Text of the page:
Luxe Interiors + Design Arizona, November 2011


Change often requires giving up the old, familiar and comfortable in order for something new to take its place.

But the owners of this Scottsdale residence, who got the opportunity in 1998 to acquire an acre next to their existing lot in the Paradise Valley country club they call home, jumped at the chance to switch it up.

The couple wanted to build a new residence in the center of both lots that had the look and feel of their Coronado, California, pied-à-terre—a renovated Mediterranean-style carriage house.

“We wanted it to look like it had originally been a much smaller house that was slowly added onto over the decades,” says the wife.

To get a better sense of the vibe the homeowners were after, architect Don Karen Rapp Interiors - Scottsdale Historic Revival - Master Bath

Ziebell flew out to California to look at the house and, in particular, a loggia the couple had added to the structure. Along with Ziebell, the couple assembled a supporting team that included interior designer Karen Rapp, builder Jerry Meek and design consultant Jim Smith of Serving the Nation.


Karen Rapp Interiors Luxe Scottsdale Historic Revival outdoor living

Together, they tackled the challenge of making this new home appear as though its stucco walls and tiled roof had been there for centuries. To accomplish that, the couple traveled with Ziebell and Smith on a buying trip to the south of France to select authentic materials to be used in the building process, such as reclaimed roof tiles, stone fireplaces, antique terra-cotta floor tiles and ancient wood ceiling beams.


November 2011 article by Rebecca Sherman, Photography by Dominique Vorillon

To view the full article in PDF, please click here.





























Mediterranean Residence


phoenix-home-garden-cover-march-2008Mediterranean Residence

Phoenix Home & Garden, March 2008


The residence would be equally at home in a Mediterranean setting.

The builder of this Arizona home, Jerry Meek, considers its architect, Don Ziebell, an artist, in large measure because of his constant attention to detail. The living room’s complex ceiling trusses, for example, were fabricated on-site using antique beams, says Meek.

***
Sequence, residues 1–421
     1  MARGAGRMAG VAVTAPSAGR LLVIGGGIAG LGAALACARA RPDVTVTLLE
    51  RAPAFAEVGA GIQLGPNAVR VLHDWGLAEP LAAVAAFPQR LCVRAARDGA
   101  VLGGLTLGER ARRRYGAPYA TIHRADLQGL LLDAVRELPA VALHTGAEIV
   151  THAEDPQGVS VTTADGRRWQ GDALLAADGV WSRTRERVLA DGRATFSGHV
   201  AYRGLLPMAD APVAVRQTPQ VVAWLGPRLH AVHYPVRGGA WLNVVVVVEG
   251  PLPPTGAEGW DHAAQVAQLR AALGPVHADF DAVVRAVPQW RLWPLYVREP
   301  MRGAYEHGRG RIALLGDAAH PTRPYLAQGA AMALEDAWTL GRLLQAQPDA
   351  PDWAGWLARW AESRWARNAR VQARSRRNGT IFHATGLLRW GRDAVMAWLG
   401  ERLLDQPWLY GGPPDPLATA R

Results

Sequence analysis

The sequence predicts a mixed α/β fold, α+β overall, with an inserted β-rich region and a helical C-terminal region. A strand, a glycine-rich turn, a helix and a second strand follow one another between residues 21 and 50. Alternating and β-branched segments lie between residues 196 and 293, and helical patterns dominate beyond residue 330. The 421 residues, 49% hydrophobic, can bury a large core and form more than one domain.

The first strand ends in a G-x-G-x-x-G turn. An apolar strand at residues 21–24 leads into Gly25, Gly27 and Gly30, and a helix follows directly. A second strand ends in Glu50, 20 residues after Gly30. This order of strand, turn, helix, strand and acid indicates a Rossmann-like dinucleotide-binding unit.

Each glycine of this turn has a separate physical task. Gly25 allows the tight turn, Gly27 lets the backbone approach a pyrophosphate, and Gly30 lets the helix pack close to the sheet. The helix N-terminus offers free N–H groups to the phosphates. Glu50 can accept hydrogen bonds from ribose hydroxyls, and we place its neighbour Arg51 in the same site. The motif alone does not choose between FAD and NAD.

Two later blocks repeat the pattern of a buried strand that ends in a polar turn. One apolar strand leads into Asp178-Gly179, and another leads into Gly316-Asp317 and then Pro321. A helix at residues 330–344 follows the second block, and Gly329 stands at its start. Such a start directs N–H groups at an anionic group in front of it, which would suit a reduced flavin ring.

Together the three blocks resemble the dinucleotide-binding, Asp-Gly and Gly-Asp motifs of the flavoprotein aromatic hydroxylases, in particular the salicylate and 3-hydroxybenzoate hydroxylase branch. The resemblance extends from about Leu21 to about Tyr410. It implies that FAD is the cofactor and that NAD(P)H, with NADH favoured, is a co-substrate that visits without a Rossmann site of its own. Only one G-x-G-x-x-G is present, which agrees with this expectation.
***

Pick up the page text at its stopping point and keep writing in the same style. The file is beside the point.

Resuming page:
“Every beam was individually template and handcrafted to honor the materials and to duplicate the Old World craftsmanship of where they were originally used.”


mediterranean residence living room



Designer Karen Rapp, who fashioned the interiors of this Mediterranean residence, calls Don Ziebell “a visionary,” praising his play with “scale and proportion from room to room” and harmonious use of finish materials.

Ziebell’s backdrop for her design of the family room and adjacent kitchen included wide archways, vintage crisscross ceiling beams and flooring of antique French terracotta pavers that once served as ceiling tiles.

mediterranean residence family room

Overlooking the Ziebell-designed pool is a guest casita with private patio.


mediterranean residence pool and guest casita


The lipstick-hued reading room, with its handsomely decorated beams, opens to a media and billards area.



Working with the design team, the homeowners chose elements that contribute to the kitchen’s old-time look, such as butcher-block-topped center island, countertops and sink of soapstone, antique terracotta tile stove backsplash, and rustic antique beams.

High-tech appliances and energy efficiency used here do not detract from the mood of the space, said Ziebell, for even when a house is meant to look old, “it must have the conveniences a modern home should have.”

mediterranean residence kitchen


Trimmed in wood, this partial opens to the stone-walled dining room.